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Starbucks Manager Mary Champaine Discusses Winning $87M California LotteryAired October 25, 2000 - 2:18 p.m. ET
THIS IS A RUSH TRANSCRIPT. THIS COPY MAY NOT BE IN ITS FINAL FORM AND MAY BE UPDATED.
NATALIE ALLEN, CNN ANCHOR: The employees of the Starbucks coffee house in central L.A. consider themselves a close-knit bunch, an extended family, even.
LOU WATERS, CNN ANCHOR: They're even a little bit closer today. This lucky group of 13 also is a whole lot richer. They will share in last weekend's $87 million California Super Lotto Plus jackpot.
ALLEN: That windfall would not have been possible without the efforts of store manager Mary Champaine. And Mary joins us this hour from Los Angeles to tell us all about it.
Hi there, Mary. How are you holding up?
MARY CHAMPAINE, LOTTERY WINNER: I'm doing fine. How are you doing out there in Atlanta?
ALLEN: Oh, we're fine. Not as fine as you today, however. Tell us the story, Mary. You don't normally play the Lotto, is that right? but you decided to go out and buy all of your employees a Lotto ticket.
CHAMPAINE: Because it was $87 million and we thought, well, why not try. And we just went out, put a dollar in for each employee, and we had two employees that weren't here that day, so I -- that's when I put their $2 in, and, believe it or not, the winning numbers came up and we won.
ALLEN: And how did it feel when you realized you won? And how did it feel to share it with your employees who've been there with you through thick and thin at that Starbucks, that they were rich?
CHAMPAINE: Feels fantastic to be able to help and to change somebody's life. When I -- you know, a lot of them, you know, they're young, they don't have a lot of money and there's a lot of things that you want to do for them at time and you can't -- I can't do it myself. But to be able to share with them makes me feel fantastic.
WATERS: Mary, we understand that this $1 that each put in you put in yourself. You bought the Lotto tickets, did you not?
WATERS: And you would have or could have had the option of claiming the prize yourself, could you not?
CHAMPAINE: Yes, but...
WATERS: And why didn't you?
CHAMPAINE: Because they have been with me through thick and thin. I started this store and this is one of the Magic Johnson stores. And Magic and Starbucks have a special agreement. And it's special because nobody else can do this but Magic. And we here at Starbucks work as a team and we support one another. And if I would have taken all the money, then I wouldn't have been part of the team and everything that I've been working for would be nothing.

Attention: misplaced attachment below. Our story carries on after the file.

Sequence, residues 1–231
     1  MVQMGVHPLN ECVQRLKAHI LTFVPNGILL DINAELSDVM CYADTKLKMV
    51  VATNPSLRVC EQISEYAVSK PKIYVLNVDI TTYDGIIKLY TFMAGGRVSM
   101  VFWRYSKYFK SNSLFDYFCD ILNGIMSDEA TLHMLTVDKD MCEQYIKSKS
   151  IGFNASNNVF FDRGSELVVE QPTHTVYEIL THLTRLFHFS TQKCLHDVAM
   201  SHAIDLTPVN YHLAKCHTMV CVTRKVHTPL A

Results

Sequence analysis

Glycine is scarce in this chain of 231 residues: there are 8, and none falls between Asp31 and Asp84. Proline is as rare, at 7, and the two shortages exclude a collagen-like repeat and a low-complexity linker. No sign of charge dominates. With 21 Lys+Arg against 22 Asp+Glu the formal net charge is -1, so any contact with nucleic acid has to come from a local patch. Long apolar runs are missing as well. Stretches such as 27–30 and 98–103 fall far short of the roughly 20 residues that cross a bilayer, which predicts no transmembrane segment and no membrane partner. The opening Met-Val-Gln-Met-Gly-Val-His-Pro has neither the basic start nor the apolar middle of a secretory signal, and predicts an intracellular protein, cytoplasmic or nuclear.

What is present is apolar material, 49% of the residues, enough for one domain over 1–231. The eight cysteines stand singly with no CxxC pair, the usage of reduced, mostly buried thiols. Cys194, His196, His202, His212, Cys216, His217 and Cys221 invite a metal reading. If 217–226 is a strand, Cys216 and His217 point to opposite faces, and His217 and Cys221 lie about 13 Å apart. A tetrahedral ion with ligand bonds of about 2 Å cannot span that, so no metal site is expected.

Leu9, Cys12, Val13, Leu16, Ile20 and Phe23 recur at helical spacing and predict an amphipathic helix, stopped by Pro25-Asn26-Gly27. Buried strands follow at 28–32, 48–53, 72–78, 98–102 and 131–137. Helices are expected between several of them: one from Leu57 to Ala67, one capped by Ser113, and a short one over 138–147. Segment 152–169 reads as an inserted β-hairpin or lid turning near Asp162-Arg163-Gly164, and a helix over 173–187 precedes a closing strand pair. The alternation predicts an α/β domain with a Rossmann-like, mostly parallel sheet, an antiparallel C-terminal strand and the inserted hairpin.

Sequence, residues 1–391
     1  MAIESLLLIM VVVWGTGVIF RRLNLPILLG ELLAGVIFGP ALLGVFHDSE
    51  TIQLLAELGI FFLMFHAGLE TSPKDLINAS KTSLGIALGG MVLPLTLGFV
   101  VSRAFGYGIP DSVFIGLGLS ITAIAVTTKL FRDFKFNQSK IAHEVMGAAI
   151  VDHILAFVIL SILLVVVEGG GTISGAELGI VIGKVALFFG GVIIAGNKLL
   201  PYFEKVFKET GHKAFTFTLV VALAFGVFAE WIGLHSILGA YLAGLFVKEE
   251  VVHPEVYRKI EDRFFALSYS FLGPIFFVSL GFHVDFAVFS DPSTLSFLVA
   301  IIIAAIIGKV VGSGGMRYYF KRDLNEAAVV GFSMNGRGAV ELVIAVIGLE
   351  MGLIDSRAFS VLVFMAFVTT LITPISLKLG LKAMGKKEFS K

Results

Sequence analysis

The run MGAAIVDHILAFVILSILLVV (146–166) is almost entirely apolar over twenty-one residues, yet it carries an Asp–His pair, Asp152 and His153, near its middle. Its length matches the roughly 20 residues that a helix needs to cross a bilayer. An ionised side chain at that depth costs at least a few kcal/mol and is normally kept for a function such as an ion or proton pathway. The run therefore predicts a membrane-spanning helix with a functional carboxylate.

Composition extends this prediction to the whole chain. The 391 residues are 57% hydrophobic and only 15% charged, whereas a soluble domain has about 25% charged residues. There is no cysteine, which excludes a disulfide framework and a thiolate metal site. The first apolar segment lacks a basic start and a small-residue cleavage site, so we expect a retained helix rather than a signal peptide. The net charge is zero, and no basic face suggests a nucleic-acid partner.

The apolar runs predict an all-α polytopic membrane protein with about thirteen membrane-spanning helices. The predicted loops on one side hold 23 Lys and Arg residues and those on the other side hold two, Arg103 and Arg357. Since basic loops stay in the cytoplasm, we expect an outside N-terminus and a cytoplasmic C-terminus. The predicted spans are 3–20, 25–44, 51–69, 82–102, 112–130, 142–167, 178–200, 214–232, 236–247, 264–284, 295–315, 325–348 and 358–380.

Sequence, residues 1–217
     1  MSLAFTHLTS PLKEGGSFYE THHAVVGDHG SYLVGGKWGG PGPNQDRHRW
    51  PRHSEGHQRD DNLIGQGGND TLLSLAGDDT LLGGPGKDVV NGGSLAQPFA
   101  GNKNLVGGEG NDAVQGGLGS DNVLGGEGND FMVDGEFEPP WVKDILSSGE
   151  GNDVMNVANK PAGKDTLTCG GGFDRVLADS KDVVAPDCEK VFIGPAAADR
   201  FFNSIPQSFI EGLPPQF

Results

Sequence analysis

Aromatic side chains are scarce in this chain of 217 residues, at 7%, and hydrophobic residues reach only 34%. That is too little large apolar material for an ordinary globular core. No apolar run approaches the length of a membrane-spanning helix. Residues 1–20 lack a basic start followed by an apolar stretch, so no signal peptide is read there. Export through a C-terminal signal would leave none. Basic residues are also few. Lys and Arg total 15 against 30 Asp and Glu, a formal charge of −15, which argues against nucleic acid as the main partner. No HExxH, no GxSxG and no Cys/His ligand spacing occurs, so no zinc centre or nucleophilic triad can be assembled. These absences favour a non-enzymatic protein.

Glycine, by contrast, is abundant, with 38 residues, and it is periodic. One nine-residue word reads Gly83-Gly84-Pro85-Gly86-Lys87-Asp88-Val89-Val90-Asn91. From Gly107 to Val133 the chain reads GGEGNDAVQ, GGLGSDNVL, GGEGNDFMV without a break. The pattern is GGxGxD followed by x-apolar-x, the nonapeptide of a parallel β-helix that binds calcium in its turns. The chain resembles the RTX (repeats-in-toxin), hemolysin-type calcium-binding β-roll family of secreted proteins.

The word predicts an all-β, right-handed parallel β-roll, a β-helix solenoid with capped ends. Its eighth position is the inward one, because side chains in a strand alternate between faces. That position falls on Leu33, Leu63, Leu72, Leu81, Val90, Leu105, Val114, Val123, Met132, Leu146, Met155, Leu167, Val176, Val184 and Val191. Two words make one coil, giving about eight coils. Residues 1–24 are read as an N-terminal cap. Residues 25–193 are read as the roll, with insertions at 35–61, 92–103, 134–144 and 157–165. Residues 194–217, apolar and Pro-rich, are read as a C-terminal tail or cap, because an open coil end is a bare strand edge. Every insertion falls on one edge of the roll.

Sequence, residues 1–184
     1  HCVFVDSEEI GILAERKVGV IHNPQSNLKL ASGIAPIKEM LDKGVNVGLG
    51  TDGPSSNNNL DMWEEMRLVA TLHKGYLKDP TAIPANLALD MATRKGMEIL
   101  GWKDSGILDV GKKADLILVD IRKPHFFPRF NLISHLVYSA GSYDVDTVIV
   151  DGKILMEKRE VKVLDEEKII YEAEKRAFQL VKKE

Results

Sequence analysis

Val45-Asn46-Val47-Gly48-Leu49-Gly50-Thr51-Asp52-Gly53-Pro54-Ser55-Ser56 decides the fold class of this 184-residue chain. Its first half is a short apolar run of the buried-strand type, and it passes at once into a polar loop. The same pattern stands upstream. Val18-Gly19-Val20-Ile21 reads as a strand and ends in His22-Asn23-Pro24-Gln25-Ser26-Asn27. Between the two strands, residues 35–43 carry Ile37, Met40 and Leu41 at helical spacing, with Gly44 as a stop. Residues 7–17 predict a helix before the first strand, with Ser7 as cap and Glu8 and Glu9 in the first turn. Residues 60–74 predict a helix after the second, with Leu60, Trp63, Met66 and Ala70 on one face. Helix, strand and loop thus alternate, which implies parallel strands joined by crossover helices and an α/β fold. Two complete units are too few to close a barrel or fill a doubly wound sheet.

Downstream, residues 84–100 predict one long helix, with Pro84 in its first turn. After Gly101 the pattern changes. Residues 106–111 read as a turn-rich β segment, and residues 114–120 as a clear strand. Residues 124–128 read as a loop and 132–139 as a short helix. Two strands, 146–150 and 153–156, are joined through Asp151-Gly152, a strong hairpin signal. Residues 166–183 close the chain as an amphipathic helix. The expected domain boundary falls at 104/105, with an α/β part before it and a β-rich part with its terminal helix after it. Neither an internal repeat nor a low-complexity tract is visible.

ALLEN: Can you comprehend today how different your life is likely to be now?
WATERS: Or will it be different?
CHAMPAINE: No, I have -- for me, no. I'm kind of old-fashioned. I'm from a small town so I won't go out and buy a Mercedes.
WATERS: What will you go out and buy?
CHAMPAINE: Don't laugh at me: I'm going to buy my dining room set and a china hutch so I can put all my crystal and china in it...
WATERS: Nothing to laugh at there.
ALLEN: I like that.
CHAMPAINE: ... something I've wanted for many, many years.
WATERS: And you're going to stay at Starbucks?
CHAMPAINE: Yes, I'm going to stay at Starbucks for a while. They've done so much for me, being part of this team. I'm going to be here.
ALLEN: Do you think you might buy a few Starbucks for yourself to operate now?
CHAMPAINE: You know what, I have to talk to Magic and see if I can get part of his team. I'm looking forward to doing something like that. That would be fantastic.
WATERS: Have you got a lot of people knocking on your door today, a lot of new friends, people wanting to sell you things, that kind of thing going on? We know you got a lot of media lined up wanting to talk to you.
CHAMPAINE: I've got more business cards than I can imagine.
ALLEN: What about the regular customers? Are they dropping by today to give you the thumbs up?
CHAMPAINE: You know, my regular customers are -- I've been hugged so much my ribs are sore. They're fantastic. They're fantastic people. They come in every morning, we take care of them and they take care of us.
WATERS: So you got -- have you got cameramen lined up behind our cameramen? I mean, are you getting tired of talking about this?
CHAMPAINE: I've talked so much that my lips are sticking together.
CHAMPAINE: Yes, it's been awesome.
WATERS: Well, you're having what your -- what Andy Warhol called your 15 minutes of fame, Mary. We're very happy for you, and we appreciate you taking the time to spend a little of it with us.
ALLEN: Thanks, Mary.
CHAMPAINE: Oh, it's my pleasure. Thank you very much. And you have a beautiful day.
WATERS: You too.
ALLEN: Hey, nice to see people like that, Lou.
WATERS: She's quite the person. Someone told me a story -- who was it? One of our producers said that Mary, during the bus strike out in L.A. -- they had that transit strike out there -- most of their customers ride the bus and weren't able to. Mary went out and picked up people, brought them in.
ALLEN: That's our kind of gal.
WATERS: She's quite a lady.
ALLEN: Need more like her.
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